The surgical team at New Hanover Regional Medical Center has adopted a program that reduces complications, helps patients recover faster and reduces the likelihood that they will have to come back to the hospital.
The Enhanced Recovery After Surgery (ERAS) initiative at NHRMC helps patients better understand their surgery from pre-surgery to recovery, with the Surgical Home Manager playing a vital role in guiding the patient through the surgical process.
ERAS, which includes surgeons, the anesthesia department, and all care team members, was implemented at NHRMC with one colorectal surgeon in 2016. That success led to expansion to all colorectal surgeons and the adoption of ERAS in urology, gynecologic oncology, cardiac, spine fusions and other surgeries. Further expansion is planned for the near future with two pilot programs currently in development.
The patient’s relationship with the Surgical Home Manager starts with establishing expectations in a consultation one to two week before the surgery. At this appointment, we provide patients with the information they need to prepare for the surgery. We let them know our plan for managing their pain throughout the process, and we set the expectation for discharge after surgery. Patients are educated about what to expect and what they can do to achieve their best outcome.
Just before surgery, the Surgical Home Manager reviews the process with the patient. Our anesthesiologists then provide non-narcotic medications before surgery that help control the pain for up to four days post-surgery. We let our patients know that we are working to control the pain, but that some pain is normal after surgery.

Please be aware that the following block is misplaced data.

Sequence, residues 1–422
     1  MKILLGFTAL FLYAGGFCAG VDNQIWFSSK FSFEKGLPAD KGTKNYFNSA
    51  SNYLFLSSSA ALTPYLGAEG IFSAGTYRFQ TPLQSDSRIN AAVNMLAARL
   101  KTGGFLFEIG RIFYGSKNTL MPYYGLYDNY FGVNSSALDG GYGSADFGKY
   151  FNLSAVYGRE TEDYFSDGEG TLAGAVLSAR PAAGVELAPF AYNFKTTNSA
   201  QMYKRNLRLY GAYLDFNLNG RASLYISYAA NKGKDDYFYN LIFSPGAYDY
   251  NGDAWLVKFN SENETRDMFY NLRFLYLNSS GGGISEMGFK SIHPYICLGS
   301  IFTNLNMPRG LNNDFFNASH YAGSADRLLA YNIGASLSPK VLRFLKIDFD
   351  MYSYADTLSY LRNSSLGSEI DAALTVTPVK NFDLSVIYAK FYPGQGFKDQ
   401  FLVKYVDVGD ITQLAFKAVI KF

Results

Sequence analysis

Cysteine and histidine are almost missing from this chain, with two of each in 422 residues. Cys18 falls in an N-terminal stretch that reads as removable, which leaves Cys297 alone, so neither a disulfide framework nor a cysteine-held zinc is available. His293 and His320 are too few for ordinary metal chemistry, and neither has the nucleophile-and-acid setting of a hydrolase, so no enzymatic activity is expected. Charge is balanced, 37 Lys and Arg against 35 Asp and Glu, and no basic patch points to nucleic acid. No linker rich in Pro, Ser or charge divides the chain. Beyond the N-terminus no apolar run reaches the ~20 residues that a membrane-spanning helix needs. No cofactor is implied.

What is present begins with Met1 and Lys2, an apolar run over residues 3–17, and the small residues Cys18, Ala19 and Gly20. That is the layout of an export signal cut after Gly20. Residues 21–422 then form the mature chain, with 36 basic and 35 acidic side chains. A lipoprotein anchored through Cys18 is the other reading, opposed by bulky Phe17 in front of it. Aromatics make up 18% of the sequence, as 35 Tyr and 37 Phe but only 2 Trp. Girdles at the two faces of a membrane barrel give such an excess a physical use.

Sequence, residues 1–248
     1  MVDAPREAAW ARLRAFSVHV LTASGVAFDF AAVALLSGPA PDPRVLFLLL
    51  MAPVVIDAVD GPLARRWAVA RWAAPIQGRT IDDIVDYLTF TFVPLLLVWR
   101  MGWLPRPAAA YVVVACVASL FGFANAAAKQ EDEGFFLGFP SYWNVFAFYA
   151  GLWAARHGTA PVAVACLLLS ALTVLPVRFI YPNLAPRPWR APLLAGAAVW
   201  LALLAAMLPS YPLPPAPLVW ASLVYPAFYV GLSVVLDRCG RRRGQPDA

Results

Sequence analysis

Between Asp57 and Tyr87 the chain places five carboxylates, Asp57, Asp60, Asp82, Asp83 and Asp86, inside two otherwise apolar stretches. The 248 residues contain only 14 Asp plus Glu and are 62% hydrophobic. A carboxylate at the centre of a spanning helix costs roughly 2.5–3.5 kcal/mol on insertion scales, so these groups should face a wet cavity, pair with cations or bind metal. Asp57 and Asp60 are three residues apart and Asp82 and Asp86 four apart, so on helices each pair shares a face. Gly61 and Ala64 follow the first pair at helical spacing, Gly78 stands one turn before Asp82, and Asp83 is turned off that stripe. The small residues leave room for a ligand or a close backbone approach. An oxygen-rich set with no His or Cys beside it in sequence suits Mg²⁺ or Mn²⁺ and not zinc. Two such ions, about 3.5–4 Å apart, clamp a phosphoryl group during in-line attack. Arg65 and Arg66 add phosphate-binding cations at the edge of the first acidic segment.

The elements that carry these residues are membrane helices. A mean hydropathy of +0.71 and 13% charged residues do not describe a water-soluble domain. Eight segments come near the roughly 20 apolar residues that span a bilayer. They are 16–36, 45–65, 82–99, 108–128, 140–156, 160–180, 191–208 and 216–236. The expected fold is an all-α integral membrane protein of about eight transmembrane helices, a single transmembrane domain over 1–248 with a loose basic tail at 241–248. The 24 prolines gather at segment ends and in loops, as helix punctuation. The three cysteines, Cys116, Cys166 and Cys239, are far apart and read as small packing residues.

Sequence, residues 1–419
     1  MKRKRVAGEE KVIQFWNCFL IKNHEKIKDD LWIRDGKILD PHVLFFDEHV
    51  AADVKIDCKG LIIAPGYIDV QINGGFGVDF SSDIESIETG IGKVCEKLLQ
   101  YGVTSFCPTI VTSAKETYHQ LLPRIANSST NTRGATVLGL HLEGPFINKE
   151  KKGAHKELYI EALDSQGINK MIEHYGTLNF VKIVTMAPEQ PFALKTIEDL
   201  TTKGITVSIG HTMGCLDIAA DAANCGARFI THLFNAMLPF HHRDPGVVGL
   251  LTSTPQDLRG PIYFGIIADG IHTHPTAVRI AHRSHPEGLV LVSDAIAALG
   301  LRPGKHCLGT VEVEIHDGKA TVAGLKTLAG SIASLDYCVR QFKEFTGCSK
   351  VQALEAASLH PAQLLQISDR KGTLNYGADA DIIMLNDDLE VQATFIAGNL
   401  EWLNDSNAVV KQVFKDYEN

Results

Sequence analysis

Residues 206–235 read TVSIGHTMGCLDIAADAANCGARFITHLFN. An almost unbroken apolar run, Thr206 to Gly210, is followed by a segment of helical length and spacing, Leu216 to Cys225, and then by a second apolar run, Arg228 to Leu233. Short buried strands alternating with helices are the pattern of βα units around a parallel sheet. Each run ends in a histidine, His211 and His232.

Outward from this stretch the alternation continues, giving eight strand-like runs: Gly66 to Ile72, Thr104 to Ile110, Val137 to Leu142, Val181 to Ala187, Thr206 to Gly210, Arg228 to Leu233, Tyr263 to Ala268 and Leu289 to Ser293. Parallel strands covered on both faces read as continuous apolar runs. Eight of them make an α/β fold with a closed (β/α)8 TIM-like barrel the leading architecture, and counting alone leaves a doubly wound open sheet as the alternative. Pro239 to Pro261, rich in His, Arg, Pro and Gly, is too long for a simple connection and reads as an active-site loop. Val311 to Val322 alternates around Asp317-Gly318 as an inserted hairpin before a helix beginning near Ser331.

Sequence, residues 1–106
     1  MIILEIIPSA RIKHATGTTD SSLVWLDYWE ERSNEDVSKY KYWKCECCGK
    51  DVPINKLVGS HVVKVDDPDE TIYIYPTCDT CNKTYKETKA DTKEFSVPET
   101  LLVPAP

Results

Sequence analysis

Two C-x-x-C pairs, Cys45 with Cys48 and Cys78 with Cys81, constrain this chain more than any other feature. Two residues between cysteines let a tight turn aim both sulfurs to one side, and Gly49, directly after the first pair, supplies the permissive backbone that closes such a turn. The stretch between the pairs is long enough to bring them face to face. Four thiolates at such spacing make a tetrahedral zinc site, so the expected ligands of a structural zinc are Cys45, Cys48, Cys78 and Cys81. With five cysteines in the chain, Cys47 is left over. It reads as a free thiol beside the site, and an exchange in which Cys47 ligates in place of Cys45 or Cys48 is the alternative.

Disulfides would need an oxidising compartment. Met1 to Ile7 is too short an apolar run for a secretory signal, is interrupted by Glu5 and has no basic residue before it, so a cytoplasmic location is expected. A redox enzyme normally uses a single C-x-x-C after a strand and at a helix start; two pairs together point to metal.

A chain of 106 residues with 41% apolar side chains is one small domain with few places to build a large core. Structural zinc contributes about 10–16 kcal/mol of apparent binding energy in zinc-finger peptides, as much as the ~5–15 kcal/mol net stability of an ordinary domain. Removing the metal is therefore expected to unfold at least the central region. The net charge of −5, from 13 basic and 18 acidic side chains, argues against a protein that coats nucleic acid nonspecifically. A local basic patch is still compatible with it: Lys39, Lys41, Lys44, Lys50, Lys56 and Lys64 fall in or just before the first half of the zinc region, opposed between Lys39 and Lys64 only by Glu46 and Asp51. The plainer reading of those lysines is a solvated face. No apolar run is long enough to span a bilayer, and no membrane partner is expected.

Limiting the use of narcotics enables patients to get out of bed sooner and speeds the recovery processes. Understanding the criteria for discharge often motivates patients to actively participate in their own recovery. For example, immediate walking is vital to the patient's recovery and is highly encouraged. Patients start walking for short sessions the day of their surgery, progressing to multiple laps on the floor. With movement, anesthesia leaves the body, systems begin waking up and bowel function is restored. Patients on narcotics who remain in bed are more susceptible to complications such as pneumonia, blood clots, or bowel obstruction.
After a patient leaves the hospital, the Surgical Home Manager stays in contact with them throughout recovery. Patients are encouraged to call if they have any concerns. We are committed to helping patients avoid complications that could lead to another trip to the hospital and a readmission.
The ERAS program offers three primary advantages: decreased complications, faster return to functionality and reduction in opioid use.
Feedback surveys reflect better patient satisfaction since the ERAS program was started at NHRMC. Surgeons are also excited that their patients recover faster, experience better outcomes, and have a point of contact to help navigate their care.
The Surgical Home ERAS program has shortened length of stay. For instance, colorectal surgery patients used to spend 6-10 days in the hospital. Now, they return home within 2-3 days. Of course, this outcome does not apply to every patient. If discharge is not safe and the patient is not medically ready, we keep the patient hospitalized. We would never want to discharge a patient, have them experience a complication, and then come back to the hospital for readmission.
Complications in colorectal surgery patients have been reduced by about 70 percent, and readmissions are down by 75 percent since the ERAS program began in 2016.
Significant reduction in opioid use
Another significant component of the ERAS program is a reduction in the use of narcotics. By attacking surgical pain in ways that involve minimal use of narcotics, patients in the ERAS program go through their hospitalization with significantly less opioid exposure. Therefore, the Surgical Home/ERAS program at NHRMC is significantly contributing to the progress on NHRMC’s system-wide initiative and to the well-being of our community.